We are what we consume

Commentary

Theoretical speculation: what would Shakespeare think of life under a digital Cloud?

Writing at the advent of mechanization, the Bard incorporated the idea of machinery into some of his plots and characterizations, raising the idea of man as machine or as subject to the force and power of machinery.

He also expressed themes of nature and what constitutes the unnatural in everyday life. What did it mean to be human in a world governed largely by non-human forces? The witches of Macbeth would tell us that fate is inevitable. The fate of modern humanity is intertwined with a technology far different from the seafaring and land-borne mechanical marvels Shakespeare’s characters encountered. While we no longer believe in fate, modern existence requires buy-in to a host of technological marvels, most of them digital, that seem fatalistic.

It’s inevitable, some say. You can’t stop technology, and in these times, you can’t even slow it down. You can, however, give up, and that’s what many people are doing.

Consumer behavior speaks volumes. People are ditching cable TV in favor of carefully tailored streaming choices or analog pursuits. The board game is alive and thriving, and unless you play Chutes and Ladders with Alexa, you can still maintain a private game night.

People of all ages are re-discovering, or in some cases discovering for the first time, the benefits of vinyl records. Some say a passion for authentic sound drives this quest. The bottom line is this-even after years of marketing toward the conveniences of compact discs, music lovers are turning in droves to old-fashioned, analog vinyl. Consumers are discerning; we want what we really like, not what the embrace of technology marketing tells us to like. In some powerful ways, we truly are masters of our fate.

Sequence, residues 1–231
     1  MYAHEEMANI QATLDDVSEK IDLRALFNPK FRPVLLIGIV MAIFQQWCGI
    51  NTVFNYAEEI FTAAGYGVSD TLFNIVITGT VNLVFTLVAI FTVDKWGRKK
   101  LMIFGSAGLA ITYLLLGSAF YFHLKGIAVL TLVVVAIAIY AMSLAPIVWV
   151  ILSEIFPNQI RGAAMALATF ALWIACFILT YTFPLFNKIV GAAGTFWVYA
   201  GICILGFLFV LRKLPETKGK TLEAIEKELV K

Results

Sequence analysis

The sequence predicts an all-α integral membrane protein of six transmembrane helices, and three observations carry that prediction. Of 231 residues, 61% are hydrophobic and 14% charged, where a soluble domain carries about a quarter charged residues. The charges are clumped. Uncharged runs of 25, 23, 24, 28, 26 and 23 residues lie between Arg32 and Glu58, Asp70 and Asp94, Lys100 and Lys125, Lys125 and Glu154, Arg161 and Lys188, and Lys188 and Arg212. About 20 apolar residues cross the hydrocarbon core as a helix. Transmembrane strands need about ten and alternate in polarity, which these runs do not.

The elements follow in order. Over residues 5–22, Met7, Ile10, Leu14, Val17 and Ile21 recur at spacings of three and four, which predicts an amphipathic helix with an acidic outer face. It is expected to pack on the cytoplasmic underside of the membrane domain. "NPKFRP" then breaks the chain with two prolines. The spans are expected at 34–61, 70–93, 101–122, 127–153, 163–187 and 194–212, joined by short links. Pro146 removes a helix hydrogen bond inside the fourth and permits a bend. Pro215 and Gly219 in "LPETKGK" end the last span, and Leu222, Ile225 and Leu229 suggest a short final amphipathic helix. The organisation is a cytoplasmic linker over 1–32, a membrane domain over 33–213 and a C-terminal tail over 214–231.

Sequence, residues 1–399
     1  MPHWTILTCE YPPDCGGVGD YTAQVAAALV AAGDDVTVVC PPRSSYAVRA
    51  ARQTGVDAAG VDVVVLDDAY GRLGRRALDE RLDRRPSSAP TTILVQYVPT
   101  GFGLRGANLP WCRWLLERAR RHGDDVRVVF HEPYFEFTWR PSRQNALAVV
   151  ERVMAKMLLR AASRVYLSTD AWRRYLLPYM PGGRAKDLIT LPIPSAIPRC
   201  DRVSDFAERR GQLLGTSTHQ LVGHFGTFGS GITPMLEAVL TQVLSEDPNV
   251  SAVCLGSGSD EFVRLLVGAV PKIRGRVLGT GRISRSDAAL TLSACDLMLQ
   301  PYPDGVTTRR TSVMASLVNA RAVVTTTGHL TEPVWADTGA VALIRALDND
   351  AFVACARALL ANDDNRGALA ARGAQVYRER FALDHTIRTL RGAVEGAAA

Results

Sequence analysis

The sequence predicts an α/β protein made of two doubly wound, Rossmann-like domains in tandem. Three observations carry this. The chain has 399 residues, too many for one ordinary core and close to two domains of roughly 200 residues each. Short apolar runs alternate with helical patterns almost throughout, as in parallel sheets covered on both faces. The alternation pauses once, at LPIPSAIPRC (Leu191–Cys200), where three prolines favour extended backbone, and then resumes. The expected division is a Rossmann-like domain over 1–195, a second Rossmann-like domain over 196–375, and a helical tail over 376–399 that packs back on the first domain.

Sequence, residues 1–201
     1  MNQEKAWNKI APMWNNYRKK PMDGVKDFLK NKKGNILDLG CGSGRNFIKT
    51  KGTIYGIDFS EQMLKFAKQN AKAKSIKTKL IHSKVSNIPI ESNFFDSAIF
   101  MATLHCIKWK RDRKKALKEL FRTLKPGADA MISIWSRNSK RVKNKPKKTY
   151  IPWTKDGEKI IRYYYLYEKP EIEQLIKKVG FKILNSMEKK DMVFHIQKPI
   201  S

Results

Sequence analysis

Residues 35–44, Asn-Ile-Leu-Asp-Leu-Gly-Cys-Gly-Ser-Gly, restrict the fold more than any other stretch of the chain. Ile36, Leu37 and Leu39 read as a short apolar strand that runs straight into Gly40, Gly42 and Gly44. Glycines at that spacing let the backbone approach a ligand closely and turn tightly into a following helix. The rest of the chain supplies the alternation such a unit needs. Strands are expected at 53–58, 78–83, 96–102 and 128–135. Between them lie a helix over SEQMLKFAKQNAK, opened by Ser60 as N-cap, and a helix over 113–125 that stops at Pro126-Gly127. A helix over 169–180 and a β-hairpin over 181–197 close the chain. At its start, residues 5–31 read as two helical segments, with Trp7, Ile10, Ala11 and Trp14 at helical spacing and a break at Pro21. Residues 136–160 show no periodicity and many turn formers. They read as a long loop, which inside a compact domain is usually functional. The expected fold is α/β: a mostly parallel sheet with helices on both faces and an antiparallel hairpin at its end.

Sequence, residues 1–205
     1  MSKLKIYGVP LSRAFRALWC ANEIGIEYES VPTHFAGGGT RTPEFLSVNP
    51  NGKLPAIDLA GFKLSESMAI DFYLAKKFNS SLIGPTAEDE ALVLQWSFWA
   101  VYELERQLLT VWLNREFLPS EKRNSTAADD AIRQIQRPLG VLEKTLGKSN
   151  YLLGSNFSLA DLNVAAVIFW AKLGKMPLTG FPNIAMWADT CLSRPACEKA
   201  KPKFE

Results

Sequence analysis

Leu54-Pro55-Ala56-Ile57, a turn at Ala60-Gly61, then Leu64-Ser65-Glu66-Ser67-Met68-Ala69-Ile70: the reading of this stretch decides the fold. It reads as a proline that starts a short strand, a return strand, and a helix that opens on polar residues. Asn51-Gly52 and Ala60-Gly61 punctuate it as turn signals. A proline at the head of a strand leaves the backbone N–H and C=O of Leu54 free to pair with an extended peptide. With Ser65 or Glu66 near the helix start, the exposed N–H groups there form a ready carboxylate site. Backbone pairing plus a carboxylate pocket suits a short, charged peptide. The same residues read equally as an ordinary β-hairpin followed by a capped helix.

So many digital advances are front and center of every area of our lives, but there are qualitative differences between technological products. Robotic surgery is one thing, full-on androids that interact another creature entirely. A recent headline in an academic journal posed the question, “Are you ready for artificial intelligence?”

How does a proud human answer that question? Well, yes, of course, in some ways AI technology is of clear benefit. Robotic knee replacements and computer-assisted dentistry creating precise crowns are easy to embrace. Devices that talk to us from their spot in the living room, or microwaves that cook on voice command, or “smart” refrigerators that send us messages to inform us of a dire shortage of milk seem unnecessary at best and even downright spooky.

The warehouse for an awful lot of digital bits and bytes from music sites, appliances, electronic gadgets, writing and presentation programs, and-you name it-is The Cloud. Millions of pictures occupy it. Essays of all sorts take up space. Information is archived and accessible in seemingly infinite quantities. What we buy, where we buy it, which retail cards cluster around our keychains-it’s all out there in measurable packages, our digitized consumer selves shadowing our human essence.

To the extent that we can choose what we buy, we are able to master our fate. But hardly anyone exists without casting off a digital imprint. Most people own or use at least one computer, and to do so is to select from a narrow range of choices. To the regret of music and video lovers, the handy disc drive is becoming increasingly hard to find on a new computer. Is it our fate to stream all music and videos? Is it our fate to rely on The Cloud to store our creative output for imminent and distant use alike, thereby creating a manufactured lack of demand for external storage devices?

The great issue before us is how to integrate the inevitable march of technology into our natural, God-given humanity. The claim of inevitability justifies all technology as a “because we can” sort of fatalism. But there is an ethical imperative as well; casting a modern outlook on Elizabethan notions of natural existence invites us to remember that we are still biological beings with analog needs.

If we go forward wisely, we need never worry that “something wicked this way comes.”

Renee Gravelle is a Dunkirk resident. Send comments to editorial@observertoday.com

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